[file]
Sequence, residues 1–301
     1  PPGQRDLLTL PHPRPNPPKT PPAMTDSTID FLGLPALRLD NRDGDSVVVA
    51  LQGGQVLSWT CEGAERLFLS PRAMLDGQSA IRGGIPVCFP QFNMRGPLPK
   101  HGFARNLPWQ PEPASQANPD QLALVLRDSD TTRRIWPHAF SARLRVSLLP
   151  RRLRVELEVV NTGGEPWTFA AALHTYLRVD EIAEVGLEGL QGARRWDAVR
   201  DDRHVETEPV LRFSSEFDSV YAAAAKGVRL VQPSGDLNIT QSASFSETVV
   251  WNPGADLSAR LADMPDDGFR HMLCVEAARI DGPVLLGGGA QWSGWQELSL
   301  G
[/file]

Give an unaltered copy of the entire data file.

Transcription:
Sequence, residues 1–301
     1  PPGQRDLLTL PHPRPNPPKT PPAMTDSTID FLGLPALRLD NRDGDSVVVA
    51  LQGGQVLSWT CEGAERLFLS PRAMLDGQSA IRGGIPVCFP QFNMRGPLPK
   101  HGFARNLPWQ PEPASQANPD QLALVLRDSD TTRRIWPHAF SARLRVSLLP
   151  RRLRVELEVV NTGGEPWTFA AALHTYLRVD EIAEVGLEGL QGARRWDAVR
   201  DDRHVETEPV LRFSSEFDSV YAAAAKGVRL VQPSGDLNIT QSASFSETVV
   251  WNPGADLSAR LADMPDDGFR HMLCVEAARI DGPVLLGGGA QWSGWQELSL
   301  G